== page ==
Finished the session by getting a traffic cone out and putting the target in the top of it. What a star this horse is. She’s so pleased with herself. Moved the cone around and worked on just having her stand and wait until I’d moved it, then cueing her to “touch”. Worked on having myself positioned in various places so that she can begin to understand that she can go to the target even if that means going away from me. She did so well. 

Oh, but I tell a lie, that isn’t where we finished it. Skye has become worse for lifting her feet since moving to the new yard, so I had a friend hold her. We were getting no-where fast and I thought, “you know what, instead of picking out her feet half-well, I should really go more slowly and clicker this to help her be calm about it.” So the friend held/rewarded her and I clicked for being allowed to run my hands down her legs without her moving. It’s a small start, but she improved for it, so will do more of that. The friend also reported that Skye had turned to her for a fuss for the first time ever. Humans are nice now. 



It’s a shame that we have the new challenge of separation anxiety, but I’m not surprised by it. I’m more surprised that she hadn’t had this problem on the last yard. 

Her targeting is coming on beautifully though. And this is where I need to start being more creative. It was surprisingly hard teaching her to target. I think because she’d never been encouraged to offer behaviours before. Had most likely been punished for doing so. Once she realised I wanted her participation she lit up and it was a joy to see. But I am imagining that the next thing I teach her will likewise be a surprise to her.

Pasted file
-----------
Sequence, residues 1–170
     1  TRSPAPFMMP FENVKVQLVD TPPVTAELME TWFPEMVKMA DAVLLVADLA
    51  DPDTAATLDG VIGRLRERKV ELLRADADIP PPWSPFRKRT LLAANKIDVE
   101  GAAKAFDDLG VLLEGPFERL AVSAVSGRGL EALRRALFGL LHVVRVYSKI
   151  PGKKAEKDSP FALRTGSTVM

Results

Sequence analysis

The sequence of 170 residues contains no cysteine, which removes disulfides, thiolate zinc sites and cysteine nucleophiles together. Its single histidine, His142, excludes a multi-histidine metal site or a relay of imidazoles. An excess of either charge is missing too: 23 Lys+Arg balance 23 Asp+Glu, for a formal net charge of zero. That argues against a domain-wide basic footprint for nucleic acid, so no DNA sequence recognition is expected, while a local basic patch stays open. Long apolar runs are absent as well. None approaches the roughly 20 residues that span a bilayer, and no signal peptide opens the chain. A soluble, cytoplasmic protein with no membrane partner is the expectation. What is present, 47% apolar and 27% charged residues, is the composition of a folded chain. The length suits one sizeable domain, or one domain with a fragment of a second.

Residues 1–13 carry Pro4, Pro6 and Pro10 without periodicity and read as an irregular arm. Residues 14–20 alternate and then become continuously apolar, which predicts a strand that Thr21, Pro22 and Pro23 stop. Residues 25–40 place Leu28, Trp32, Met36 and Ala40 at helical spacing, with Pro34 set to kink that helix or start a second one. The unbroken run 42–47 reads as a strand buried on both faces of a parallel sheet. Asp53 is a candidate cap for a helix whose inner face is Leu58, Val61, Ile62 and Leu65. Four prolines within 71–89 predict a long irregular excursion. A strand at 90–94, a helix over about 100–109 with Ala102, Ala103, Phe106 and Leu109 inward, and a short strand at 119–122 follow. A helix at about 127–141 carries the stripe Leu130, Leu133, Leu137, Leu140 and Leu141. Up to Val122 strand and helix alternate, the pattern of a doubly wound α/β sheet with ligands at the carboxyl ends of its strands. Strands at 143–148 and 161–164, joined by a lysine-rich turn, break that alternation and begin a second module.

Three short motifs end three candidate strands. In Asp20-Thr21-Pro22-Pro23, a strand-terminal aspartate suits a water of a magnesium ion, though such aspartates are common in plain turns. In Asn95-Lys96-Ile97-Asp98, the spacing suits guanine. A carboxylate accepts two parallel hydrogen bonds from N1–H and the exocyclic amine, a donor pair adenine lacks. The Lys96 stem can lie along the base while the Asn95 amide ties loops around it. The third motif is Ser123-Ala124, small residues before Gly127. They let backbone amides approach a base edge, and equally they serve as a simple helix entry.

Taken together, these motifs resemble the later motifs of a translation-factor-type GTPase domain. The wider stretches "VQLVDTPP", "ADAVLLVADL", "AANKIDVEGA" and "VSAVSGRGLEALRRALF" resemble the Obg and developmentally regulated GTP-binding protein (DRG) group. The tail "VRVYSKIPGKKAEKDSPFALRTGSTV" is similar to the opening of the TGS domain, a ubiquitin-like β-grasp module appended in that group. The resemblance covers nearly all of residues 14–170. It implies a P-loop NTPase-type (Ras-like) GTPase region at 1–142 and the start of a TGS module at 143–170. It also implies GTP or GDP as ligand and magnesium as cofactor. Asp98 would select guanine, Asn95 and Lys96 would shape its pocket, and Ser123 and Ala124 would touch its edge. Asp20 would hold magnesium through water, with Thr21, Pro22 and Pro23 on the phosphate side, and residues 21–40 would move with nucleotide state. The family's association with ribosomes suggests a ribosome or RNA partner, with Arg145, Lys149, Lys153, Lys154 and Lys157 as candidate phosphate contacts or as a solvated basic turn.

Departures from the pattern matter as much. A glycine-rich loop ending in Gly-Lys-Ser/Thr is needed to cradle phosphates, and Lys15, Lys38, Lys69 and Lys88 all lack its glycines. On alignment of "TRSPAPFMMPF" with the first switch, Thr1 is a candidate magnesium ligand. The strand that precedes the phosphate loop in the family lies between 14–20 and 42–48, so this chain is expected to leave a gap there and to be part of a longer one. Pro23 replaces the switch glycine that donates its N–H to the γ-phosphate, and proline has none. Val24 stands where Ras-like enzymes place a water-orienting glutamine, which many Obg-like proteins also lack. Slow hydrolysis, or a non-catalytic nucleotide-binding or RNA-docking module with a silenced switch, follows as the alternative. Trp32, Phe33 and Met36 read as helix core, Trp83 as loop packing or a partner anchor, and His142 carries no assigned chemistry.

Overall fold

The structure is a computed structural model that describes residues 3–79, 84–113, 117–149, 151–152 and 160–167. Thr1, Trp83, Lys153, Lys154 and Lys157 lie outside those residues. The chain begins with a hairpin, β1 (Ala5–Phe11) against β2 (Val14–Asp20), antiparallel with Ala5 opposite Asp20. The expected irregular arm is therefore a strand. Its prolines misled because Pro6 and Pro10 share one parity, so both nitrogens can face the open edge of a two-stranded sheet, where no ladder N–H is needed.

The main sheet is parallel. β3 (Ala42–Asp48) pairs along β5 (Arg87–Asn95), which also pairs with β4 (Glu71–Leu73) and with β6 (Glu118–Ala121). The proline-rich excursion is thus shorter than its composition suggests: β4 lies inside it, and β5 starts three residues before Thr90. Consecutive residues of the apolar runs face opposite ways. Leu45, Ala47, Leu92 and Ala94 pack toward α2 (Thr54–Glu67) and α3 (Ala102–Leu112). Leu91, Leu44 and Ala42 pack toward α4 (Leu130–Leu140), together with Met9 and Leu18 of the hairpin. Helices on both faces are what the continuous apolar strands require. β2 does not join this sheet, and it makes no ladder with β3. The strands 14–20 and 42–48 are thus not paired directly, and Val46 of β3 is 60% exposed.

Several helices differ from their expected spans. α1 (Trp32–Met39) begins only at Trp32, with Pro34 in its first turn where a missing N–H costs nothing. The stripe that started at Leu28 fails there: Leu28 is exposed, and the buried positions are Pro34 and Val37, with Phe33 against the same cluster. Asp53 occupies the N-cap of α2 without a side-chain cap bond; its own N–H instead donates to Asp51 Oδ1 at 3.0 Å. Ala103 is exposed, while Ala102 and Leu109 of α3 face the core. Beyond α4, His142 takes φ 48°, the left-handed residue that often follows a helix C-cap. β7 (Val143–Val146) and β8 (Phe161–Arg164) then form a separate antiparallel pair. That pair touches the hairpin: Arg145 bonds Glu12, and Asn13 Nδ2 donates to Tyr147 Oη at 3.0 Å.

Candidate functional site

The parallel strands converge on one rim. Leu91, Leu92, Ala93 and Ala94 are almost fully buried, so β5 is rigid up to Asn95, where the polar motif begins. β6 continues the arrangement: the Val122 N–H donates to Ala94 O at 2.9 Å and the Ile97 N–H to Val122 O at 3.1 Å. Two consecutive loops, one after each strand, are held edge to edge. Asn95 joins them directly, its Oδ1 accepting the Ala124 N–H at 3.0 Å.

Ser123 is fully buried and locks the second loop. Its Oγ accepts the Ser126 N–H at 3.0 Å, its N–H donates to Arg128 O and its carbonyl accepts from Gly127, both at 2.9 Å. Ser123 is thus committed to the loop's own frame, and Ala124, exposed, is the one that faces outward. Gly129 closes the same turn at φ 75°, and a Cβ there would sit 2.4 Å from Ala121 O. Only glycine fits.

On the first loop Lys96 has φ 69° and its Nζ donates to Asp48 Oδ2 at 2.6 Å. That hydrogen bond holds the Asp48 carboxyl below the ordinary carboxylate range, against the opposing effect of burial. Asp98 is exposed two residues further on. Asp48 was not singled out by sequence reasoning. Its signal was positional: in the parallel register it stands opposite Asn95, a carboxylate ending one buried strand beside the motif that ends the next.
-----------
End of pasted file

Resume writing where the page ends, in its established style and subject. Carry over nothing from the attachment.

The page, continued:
I’ve a few options to try and have made a couple of new string targets to play with. Targeting A to B at ever greater distances… Targeting different objects… Picking a target up… Targeting with different body parts…

This last one, in particular, is something I’m keen on. A withers-target or “crunch” would be very useful. With the separation anxiety, her exercise has been harder to keep up, and I really want to help her posture. Withers-up would help no end and if she took to it with the same enthusiasm as targeting she’d be golden. 

But you know, good days are followed by bad days, and the more you expect to get the worse it goes! So I’m going to try to be super chill with each session and really let her choose her level of involvement. Having seen her response to targeting, I think letting her choose to participate (or not) will do wonders for her overall sense of confidence and calm. And ultimately, that’s the starting point I need. 



Joy and engaging Skye’s brain (and my own!)

I was so full of happiness last night. 

The past two days have been glorious. Lovely times volunteering. Quiet company and brisk weather, now that autumn is here. 

Each day I saw Skye afterwards, and each day she was a delight. The penny has dropped with targeting! 

I had been targeting with handheld objects and found that it wasn’t clear enough. She didn’t quite understand how it was any different to just reaching for my treat hand directly. Since I don’t want to teach a gentle and polite horse to mug, I thought I’d best try something else. It’s all in the timing and clarity. The horse has be allowed to figure out, by investigating you without reprimand or micromanagement (you’ve got to hold your nerve, chill, step quietly out of the way if needs-be, and basically let them get bored or trying to mug you!), that coming into your space/body does not result in clicks/treats. You even need to deliver the treat at arm’s length, to reinforce the idea that they keep their head (and teeth!) out of your space, when clicker training is happening. But so, it then follows that it needs to be super-clear to the horse whether they’re rewarded for reaching towards you or the target.